Fighting Eagles deliver legacy to Fort Carson
January 29, 2013
FORT RILEY, Kan. (Jan. 29, 2013) -- The Army's newest Combat Aviation Brigade moved one step closer to being a fully equipped and manned formation Jan. 28 thanks to the Soldiers of the 1st Infantry Division's Company B, 2nd General Support Aviation Battalion, 1st Aviation Regiment, 1st Combat Aviation Brigade.
Flight crews from the Fort Riley-based combat aviation brigade, or CAB, transferred three CH-47D Chinook helicopters from the northeast Kansas post to Fort Carson, Colo., the home of the 4th Infantry Division's new aviation brigade.
The movement of aircraft was the second in a series of transfers from the 1st CAB to 4th Combat Aviation Brigade as part of an effort to establish a full aircraft fleet at the Rocky Mountain Army installation.
"Right now it's time to give these aircraft to a different unit so they can use them, fly them, train on them and prepare for combat," said Lt. Col. Brian Hughes, the commander of 2-1 GSAB and a Chinook pilot. "What we give them is populating their fleet. It offers them the ability to train on the legacy platform before they get their F Models."
The 4th CAB is scheduled to receive all of the D Model Chinook helicopters from 1st CAB. Some of the aircraft being given to Fort Carson are original 1st CAB aircraft from the time the unit was established and moved from Germany, Hughes said.
Sgt. Jeremy Ganz, a flight engineer with Company B, 2-1 GSAB, said that in addition to receiving a full fleet of aircraft, 4th CAB will also be receiving the benefit of experience.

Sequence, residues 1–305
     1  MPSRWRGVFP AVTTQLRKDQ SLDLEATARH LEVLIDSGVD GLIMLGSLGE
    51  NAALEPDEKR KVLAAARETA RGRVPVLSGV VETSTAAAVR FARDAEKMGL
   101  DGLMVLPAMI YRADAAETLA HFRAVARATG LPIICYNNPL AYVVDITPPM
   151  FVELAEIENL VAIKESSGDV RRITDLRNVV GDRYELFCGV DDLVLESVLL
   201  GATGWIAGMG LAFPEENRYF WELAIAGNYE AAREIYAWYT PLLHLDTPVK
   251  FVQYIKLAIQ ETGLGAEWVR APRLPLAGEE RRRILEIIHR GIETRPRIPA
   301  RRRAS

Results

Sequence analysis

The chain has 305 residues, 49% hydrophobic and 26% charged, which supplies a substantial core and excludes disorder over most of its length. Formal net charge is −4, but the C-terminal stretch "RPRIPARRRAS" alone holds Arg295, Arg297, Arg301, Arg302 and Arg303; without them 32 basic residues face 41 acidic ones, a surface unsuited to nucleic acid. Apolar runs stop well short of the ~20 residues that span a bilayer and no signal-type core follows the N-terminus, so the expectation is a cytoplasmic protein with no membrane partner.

"They'll know first-hand what needs to be done and what has been done so they're not given any kind of surprises," Ganz said.
First CAB Soldiers have been maintaining the D Model Chinooks through a high-paced operations tempo over the past two years, which included several CTC rotations, pilot and crew chief training, as well as support to a wide variety of 1st Inf. Div. operations. Through all of these operations, the aircraft have remained mission worthy.
"Being able to send these over there knowing full well that they're mission capable at all times is a tremendous compliment to the maintainers and to the crews that have worked on these constantly for the last several years," Ganz said.
Hughes praised his Soldiers who have worked day in and day out to ensure the 4th CAB's new aircraft are in top condition.
"The single biggest asset that we have within the 1st CAB, and really within Army Aviation, are the young wrench-turners, the mechanics," Hughes said. "The fact that we have young kids out here making them last that long is a tribute to the American Soldier."